Thai anti-graft body indicts 250 former MPs over charter change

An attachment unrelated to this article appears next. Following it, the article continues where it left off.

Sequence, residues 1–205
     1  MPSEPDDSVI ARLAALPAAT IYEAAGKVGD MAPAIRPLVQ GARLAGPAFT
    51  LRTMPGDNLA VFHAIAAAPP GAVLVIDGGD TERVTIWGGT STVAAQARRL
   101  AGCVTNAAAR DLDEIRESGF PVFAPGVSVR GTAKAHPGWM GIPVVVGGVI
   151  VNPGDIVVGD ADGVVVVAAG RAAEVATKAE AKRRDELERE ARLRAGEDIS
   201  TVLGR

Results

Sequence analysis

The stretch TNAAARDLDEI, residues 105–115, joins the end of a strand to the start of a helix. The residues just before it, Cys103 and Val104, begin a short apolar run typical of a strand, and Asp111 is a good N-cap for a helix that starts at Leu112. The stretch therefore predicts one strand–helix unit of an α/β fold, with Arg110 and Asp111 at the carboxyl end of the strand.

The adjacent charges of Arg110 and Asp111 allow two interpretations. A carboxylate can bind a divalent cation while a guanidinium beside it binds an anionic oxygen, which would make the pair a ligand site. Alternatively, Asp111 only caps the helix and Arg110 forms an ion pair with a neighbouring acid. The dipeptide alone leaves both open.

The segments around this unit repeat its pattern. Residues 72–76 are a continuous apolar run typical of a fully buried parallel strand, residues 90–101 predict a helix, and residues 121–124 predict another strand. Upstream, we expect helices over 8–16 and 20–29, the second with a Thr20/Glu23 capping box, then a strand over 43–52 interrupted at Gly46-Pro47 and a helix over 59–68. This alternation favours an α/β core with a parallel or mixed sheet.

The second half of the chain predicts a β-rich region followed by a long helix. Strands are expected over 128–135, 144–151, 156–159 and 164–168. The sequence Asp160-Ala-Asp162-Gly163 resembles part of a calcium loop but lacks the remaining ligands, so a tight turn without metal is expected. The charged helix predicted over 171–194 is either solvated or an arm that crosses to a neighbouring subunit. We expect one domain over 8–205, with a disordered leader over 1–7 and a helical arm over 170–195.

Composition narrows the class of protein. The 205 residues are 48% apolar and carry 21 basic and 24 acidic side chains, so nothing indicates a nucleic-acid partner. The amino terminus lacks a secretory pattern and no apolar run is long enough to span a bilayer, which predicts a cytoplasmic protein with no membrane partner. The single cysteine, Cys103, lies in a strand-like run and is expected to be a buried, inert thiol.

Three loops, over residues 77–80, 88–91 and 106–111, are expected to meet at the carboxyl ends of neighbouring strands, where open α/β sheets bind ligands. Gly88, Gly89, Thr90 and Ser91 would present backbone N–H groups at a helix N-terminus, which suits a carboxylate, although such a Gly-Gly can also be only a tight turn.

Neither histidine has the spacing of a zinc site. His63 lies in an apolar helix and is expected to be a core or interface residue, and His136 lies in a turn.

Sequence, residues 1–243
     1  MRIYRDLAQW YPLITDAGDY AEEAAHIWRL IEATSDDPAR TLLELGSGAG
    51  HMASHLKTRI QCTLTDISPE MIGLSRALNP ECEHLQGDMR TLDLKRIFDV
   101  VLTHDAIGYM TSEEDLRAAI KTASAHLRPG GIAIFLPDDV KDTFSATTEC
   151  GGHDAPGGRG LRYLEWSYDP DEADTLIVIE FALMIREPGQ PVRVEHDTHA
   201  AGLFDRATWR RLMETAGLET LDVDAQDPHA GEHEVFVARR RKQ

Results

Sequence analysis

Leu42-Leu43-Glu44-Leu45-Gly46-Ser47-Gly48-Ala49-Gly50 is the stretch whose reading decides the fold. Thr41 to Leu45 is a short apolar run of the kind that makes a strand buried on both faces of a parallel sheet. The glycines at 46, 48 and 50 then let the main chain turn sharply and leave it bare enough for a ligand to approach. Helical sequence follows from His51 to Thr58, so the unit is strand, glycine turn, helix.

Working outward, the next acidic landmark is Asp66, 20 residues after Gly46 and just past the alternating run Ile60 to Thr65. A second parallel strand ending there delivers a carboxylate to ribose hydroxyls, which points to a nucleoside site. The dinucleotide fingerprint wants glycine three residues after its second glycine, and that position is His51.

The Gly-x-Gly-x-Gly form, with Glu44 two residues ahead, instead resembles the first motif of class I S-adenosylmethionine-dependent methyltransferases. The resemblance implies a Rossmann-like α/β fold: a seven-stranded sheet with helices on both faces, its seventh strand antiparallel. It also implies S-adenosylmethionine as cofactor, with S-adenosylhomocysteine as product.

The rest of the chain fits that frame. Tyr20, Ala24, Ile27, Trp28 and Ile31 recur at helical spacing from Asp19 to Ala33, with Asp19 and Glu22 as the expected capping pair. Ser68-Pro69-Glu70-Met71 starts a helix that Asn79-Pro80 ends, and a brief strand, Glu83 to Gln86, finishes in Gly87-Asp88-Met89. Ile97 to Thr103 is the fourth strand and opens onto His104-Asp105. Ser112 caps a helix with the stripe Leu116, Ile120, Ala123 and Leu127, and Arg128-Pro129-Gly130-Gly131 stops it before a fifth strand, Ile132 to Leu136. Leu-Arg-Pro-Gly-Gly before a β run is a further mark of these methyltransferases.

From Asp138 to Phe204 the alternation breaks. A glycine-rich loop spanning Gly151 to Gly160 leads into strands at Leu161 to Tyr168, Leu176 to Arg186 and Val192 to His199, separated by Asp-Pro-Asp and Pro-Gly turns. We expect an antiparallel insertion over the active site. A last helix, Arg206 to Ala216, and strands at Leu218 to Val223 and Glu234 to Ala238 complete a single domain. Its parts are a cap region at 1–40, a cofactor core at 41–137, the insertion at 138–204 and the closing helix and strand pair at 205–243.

By Aukkarapon Niyomyat BANGKOK (Reuters) - Thailand's anti-graft agency indicted 250 former lawmakers on Tuesday, a member of the body said, in a ruling that will further erode the influence of former Prime Minister Thaksin Shinawatra. The decision comes less than a month after Thaksin's sister, former Prime Minister Yingluck Shinawatra, was banned from politics for five years by the junta-appointed legislature stacked with former or serving officers of the military, which has twice toppled governments led by her family. Wicha Mahakun, a member of the National Anti-Corruption Commission (NACC), said the body would forward the case to the country's National Legislative Assembly. "We have found 250 MPs guilty of acting unconstitutionally. We will forward the case for impeachment to the national legislature," Wicha told reporters. The NACC said the former MPs acted dishonestly. They face a five-year ban from politics if found guilty by the NLA. The case concerns a 2013 proposal by lawmakers from Yingluck's Puea Thai Party to amend the constitution and enlarge the upper house Senate by making it a fully elected body. The case aims at destroying the Shinawatra political machine, said Paul Chambers, research director at the Institute of South East Asian Affairs affiliated with Chiang Mai University. "The NACC is forwarding the case to the military-dominated NLA. Thus we see here how the judiciary and the military cooperate to boost an arch-royalist agenda," Chambers told Reuters, adding that the case was an attempt to destroy the Shinawatra family and their allies. A court ruled that efforts to change the composition of the Senate were an attempt to "overthrow" the country's democratic system. Of the 250 lawmakers charged by the NACC, 223 are former Puea Thai Party lawmakers. Banning them would deliver a serious blow to the party ahead of the next general election, planned for 2016. Thailand has been divided for over a decade between Thaksin and his powerful family and the Bangkok-based royalist and military establishment, which sees him as a threat. The latest crisis began in November 2013 and culminated in a May 22 coup. (Additional reporting by Panarat Thepgumpanat and Amy Sawitta Lefevre; Writing by Amy Sawitta Lefevre; Editing by Simon Webb and)